So go out and blast Wilbur into oblivion, and do so knowing that not only are you restoring balance to the environment, you’re also creating an on-ramp for generations of hunters to come.

And organically-grown, free-range, antibiotic-free bacon is just icing on the cake.

Upcoming Training: Contextual Handgun: The Armed Parent/Guardian.

Upcoming Training: Contextual Handgun: The Armed Parent/Guardian.

The Contextual Handgun

REALLY looking forward to this one, for a couple of reasons:

1. 
It’s the first class I’ve seen out there that tries to put what we learn on the range into the context of our everyday lives. Pretty much every class taught to armed citizens teaches us techniques of shooting a gun, but then leaves it up to us to figure out how to apply said techniques to our lives once we’re done with the class. It’s like learning what the gas pedal is and what the brake pedal does, but not learning when to speed up in traffic and when to slow down. John and Melody are the first people I’ve seen to bring firearms training into the real real world we all live in, rather than trying to bring firearms training that works in downtown Fallujah onto the streets of downtown Detroit*.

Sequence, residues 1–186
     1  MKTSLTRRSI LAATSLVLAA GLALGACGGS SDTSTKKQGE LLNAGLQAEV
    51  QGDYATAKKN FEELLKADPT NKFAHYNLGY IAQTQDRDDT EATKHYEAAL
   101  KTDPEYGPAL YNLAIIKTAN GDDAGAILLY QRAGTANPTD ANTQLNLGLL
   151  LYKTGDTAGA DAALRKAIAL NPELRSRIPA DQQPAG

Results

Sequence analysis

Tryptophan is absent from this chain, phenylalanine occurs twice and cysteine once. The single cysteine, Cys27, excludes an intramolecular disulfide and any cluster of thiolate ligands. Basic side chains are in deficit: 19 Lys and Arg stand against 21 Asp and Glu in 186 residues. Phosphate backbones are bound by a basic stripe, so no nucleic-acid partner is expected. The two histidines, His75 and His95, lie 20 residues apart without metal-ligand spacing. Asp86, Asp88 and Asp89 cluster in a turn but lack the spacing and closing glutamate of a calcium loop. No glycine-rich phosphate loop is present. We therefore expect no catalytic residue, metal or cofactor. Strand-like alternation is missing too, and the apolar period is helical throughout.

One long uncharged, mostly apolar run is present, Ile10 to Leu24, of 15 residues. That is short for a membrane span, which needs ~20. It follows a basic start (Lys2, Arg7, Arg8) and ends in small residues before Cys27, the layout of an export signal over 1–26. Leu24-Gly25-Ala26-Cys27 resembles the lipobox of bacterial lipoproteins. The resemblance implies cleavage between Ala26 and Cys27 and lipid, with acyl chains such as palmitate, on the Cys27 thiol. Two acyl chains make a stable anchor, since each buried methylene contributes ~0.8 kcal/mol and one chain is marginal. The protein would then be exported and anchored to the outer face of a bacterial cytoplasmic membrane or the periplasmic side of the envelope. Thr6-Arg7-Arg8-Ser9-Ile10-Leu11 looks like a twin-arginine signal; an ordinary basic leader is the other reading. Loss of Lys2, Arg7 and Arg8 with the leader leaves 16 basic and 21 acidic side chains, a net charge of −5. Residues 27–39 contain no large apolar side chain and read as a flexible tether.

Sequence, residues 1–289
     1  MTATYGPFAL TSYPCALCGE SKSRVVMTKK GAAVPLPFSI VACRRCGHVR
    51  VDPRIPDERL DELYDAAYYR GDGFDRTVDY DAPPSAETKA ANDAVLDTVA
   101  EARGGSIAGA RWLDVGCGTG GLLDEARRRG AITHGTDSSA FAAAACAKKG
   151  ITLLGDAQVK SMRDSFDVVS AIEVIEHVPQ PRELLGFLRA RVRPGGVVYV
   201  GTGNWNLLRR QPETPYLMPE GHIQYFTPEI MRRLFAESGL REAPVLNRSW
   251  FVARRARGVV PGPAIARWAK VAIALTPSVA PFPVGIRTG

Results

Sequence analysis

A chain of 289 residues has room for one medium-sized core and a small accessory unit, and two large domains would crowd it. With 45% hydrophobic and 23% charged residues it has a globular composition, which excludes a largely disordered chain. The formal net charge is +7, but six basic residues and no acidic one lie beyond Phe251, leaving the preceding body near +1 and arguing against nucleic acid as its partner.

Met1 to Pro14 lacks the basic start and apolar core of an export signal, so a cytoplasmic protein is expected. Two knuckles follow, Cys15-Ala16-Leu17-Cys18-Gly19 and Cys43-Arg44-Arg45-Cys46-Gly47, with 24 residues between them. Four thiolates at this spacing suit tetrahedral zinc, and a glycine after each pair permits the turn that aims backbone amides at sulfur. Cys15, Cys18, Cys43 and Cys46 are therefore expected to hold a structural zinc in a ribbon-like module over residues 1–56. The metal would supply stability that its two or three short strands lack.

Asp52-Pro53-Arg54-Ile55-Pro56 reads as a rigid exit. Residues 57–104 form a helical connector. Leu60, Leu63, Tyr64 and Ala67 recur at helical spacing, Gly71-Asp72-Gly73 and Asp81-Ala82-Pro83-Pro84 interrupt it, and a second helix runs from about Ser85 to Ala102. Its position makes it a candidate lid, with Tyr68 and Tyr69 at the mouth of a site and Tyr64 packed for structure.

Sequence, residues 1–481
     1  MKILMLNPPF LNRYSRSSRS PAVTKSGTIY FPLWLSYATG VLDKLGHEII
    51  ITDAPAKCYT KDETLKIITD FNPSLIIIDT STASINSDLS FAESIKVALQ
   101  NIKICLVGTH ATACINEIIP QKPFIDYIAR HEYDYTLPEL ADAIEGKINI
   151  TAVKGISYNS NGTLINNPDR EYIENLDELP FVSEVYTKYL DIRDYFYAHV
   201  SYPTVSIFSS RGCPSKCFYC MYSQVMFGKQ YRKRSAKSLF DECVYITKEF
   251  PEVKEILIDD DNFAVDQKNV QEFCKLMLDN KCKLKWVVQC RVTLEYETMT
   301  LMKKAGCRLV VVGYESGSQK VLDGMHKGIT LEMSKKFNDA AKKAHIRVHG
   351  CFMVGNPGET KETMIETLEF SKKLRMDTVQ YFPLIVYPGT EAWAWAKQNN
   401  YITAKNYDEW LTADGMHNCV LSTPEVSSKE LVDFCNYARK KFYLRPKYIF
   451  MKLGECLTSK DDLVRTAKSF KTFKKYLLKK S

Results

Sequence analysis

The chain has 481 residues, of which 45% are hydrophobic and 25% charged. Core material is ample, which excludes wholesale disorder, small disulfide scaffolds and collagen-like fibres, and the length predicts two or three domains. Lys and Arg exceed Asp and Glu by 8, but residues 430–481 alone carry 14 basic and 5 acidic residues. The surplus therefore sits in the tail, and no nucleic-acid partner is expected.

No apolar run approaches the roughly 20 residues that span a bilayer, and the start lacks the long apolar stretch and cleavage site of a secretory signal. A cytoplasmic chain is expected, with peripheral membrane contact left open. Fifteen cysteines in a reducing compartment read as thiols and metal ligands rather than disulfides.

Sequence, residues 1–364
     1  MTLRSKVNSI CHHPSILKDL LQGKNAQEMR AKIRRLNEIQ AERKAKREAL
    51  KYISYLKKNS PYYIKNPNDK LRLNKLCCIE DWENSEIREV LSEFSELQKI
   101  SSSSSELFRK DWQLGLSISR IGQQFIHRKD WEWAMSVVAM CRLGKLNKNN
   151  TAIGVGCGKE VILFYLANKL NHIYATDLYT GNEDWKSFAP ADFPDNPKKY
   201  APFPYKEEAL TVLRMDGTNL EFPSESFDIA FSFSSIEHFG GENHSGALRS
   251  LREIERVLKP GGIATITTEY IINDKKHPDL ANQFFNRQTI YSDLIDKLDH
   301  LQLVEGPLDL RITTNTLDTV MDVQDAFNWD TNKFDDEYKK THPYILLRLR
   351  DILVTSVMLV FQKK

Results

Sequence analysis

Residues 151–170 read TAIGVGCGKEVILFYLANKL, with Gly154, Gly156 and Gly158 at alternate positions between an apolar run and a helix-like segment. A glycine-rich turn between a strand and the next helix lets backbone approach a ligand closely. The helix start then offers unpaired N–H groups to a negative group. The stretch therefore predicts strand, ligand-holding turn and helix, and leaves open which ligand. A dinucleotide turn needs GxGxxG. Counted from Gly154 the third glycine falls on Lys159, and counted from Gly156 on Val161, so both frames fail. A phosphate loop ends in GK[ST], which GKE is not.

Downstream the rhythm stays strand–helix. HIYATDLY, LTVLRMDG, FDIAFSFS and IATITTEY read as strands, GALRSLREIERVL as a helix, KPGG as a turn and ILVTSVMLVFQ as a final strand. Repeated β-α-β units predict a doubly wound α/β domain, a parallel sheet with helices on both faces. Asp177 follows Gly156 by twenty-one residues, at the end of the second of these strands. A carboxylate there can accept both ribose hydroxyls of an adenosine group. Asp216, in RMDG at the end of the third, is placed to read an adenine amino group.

2.
The reason for all of this, the reason why I’m taking classes and learning to shoot and writing about it and all of this, started with my desire to protect my family. ALL of this stems from that desire, and I’ve been trying for literally a decade to find a firearms training class that acknowledges that we are not in it alone, that there are other people out there who we care for and want to protect. I’m not a cop on the street, it’s not my job to chase down bad guys. It’s my job to help keep my family safe, and yet no one until now** has designed a firearms training program based around that simple idea.


* Granted, downtown Fallujah is probably safer than downtown Detroit, but you get my idea.
** Yes, I know, there’s an “Armed Couple” class at GunSite and whatnot. That’s not what I’m talking about here, we’re talking about one person having the means to defend their family, not everyone being armed.